Thursday, 28 May 2020

Cassandrafreude over Cummings

Latest letters to the Editor sent  respectively to The Times, Guardian and Financial Times:

You report the Prime Minister as telling the Liaison Committee hearing in Wednesday (“ Move on from Cummings, PM urges as Tory rebellion swells,” The Times,  May 28) that while he had evidence to back up Mr Cummings various claims  he did not break  rules, but refused both to publish it or hand it to the Cabinet Secretary, Sir Mark Sedwill, to be verified.

In a phrase classicist Boris Johnson would comprehend “nullius in verba” ( don’t just trust what someone says)
That also happens to be the basic research principle of the Royal Society, dating from 1660.

I watched with increasing incredulity Dom Cummings extraordinary press conference on Monday afternoon. 

Archie Bland did a good job in summarising what Cummings told reporters and the wider nation via the broadcast media ( ‘A very tricky situation’ Cummings explained why he took his family to Durham,” The Guardian, 26 May).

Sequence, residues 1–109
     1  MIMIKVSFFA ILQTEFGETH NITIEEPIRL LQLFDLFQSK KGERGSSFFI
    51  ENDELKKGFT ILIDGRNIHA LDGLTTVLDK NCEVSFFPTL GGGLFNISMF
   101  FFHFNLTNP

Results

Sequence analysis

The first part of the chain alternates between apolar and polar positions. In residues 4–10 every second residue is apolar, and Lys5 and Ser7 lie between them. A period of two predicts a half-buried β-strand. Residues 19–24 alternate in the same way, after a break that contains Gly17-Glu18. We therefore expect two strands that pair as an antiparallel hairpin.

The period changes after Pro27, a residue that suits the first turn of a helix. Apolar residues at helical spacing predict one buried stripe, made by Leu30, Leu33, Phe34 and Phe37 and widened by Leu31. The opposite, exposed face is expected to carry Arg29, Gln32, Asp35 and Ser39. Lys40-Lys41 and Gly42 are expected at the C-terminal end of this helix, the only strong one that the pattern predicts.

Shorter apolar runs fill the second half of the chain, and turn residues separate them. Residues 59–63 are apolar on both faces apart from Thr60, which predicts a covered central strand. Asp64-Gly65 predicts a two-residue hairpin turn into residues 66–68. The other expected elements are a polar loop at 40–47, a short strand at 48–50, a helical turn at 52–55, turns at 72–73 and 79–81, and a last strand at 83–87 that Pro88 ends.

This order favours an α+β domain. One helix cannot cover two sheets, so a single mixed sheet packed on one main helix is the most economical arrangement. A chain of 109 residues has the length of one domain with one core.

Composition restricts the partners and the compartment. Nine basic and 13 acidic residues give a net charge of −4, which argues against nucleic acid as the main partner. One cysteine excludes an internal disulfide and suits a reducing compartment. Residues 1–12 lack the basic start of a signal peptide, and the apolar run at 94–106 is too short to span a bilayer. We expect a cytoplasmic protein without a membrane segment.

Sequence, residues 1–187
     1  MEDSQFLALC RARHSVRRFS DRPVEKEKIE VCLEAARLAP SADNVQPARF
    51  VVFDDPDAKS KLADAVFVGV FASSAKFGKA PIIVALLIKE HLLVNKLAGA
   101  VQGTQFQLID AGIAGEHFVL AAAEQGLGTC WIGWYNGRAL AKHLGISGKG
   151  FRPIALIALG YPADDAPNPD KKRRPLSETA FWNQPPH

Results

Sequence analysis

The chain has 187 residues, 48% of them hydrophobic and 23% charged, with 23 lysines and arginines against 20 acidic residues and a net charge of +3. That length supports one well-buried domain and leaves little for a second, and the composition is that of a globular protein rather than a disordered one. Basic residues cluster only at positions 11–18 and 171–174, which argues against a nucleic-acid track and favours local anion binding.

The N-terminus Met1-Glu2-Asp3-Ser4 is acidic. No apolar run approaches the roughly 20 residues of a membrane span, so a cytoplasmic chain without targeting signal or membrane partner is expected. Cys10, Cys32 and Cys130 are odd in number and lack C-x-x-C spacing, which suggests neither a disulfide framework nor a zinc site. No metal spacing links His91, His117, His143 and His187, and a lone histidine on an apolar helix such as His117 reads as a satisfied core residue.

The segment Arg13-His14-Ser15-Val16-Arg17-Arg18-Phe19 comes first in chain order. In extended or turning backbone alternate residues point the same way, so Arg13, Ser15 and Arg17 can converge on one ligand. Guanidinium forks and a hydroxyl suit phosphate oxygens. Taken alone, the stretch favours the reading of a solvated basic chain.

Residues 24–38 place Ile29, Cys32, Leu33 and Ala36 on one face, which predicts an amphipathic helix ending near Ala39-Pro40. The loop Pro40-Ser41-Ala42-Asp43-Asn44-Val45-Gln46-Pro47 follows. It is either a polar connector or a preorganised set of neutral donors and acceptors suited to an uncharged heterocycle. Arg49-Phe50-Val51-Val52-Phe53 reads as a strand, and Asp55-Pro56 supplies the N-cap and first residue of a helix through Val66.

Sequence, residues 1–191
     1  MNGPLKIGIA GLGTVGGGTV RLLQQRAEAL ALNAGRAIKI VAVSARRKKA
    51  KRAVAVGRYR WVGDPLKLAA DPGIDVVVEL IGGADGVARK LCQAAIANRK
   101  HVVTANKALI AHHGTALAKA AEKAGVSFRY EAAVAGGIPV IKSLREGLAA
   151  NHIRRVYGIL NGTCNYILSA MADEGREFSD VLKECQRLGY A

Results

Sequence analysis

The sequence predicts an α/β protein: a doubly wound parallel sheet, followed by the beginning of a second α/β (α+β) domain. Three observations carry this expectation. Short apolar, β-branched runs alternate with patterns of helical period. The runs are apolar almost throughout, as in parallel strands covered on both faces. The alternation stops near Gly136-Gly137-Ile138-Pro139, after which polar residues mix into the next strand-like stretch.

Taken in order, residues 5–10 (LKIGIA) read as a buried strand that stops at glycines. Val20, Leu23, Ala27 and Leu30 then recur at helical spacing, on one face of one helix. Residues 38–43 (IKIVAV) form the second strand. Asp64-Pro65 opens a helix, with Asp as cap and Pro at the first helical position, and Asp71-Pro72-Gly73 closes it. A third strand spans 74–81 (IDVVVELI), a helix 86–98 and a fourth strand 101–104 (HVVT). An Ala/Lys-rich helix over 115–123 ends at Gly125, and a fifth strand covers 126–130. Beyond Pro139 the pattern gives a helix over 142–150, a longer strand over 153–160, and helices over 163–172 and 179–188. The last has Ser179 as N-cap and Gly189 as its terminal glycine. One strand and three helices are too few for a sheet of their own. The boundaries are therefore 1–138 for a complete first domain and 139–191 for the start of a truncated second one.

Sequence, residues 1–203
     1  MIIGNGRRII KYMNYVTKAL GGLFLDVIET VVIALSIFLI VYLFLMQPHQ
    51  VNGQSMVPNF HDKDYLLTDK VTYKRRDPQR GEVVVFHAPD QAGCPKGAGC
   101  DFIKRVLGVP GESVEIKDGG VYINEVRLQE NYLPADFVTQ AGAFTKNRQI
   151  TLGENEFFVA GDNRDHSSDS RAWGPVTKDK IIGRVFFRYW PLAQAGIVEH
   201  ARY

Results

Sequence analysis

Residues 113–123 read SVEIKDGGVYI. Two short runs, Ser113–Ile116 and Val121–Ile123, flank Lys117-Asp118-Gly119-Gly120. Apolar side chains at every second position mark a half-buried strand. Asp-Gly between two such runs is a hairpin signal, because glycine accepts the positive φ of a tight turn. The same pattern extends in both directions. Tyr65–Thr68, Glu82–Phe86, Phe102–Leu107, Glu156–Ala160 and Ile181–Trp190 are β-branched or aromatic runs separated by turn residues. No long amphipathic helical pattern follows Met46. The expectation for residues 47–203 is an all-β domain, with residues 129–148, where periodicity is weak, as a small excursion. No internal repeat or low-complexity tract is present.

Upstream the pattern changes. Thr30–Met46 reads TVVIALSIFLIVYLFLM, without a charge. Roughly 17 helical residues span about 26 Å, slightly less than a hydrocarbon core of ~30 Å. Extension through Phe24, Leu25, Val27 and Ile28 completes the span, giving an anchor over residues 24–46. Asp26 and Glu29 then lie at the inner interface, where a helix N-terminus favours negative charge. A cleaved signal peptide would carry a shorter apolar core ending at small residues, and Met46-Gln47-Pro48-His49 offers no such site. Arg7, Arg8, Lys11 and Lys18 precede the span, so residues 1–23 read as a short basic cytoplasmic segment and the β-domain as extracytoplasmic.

But there were some parts of the narrative that just did not make any sense: if he had sight problems, why didn’t his wife drive back to London; why didn’t  they seek the help of Mrs Cummings’ brother, who lives a few streets away in London etc)

Freelance investigative journalist, Jenny Kleeman reviewing the papers on Sky News on Monday night suggested Cummings had “reverse engineered” a  plausible narrative to fit between the publicly known facts.

Is that what he and his boss Boris were doing hunkered down for five hours in Downing Street on Sunday afternoon?
Your Whitehall editor Sebastian Payne reported on 30 March (“Dominic Cummings develops Coronavirus symptoms” Financial Times) that the Prime  Minister’s chief policy advisor “will remain at his London home for the next seven days.”

By the time this article appeared, Me Cummings was already in a house adjoining his parents home near Durham.

As I have every confidence your reporter did not make up the claimed location of Mr Cummings , he must have been briefed by an official at 10 Downing Street, Mr Cummings‘ place of work.
So, either the briefer really did not know where the prime minister main policy architect could be found, but guessed;  or deliberately misinformed your reporter.

If the latter, what was the reason for doing so?

It all gets curiouser  and curiouser, as Alice pondered in Wonderland.

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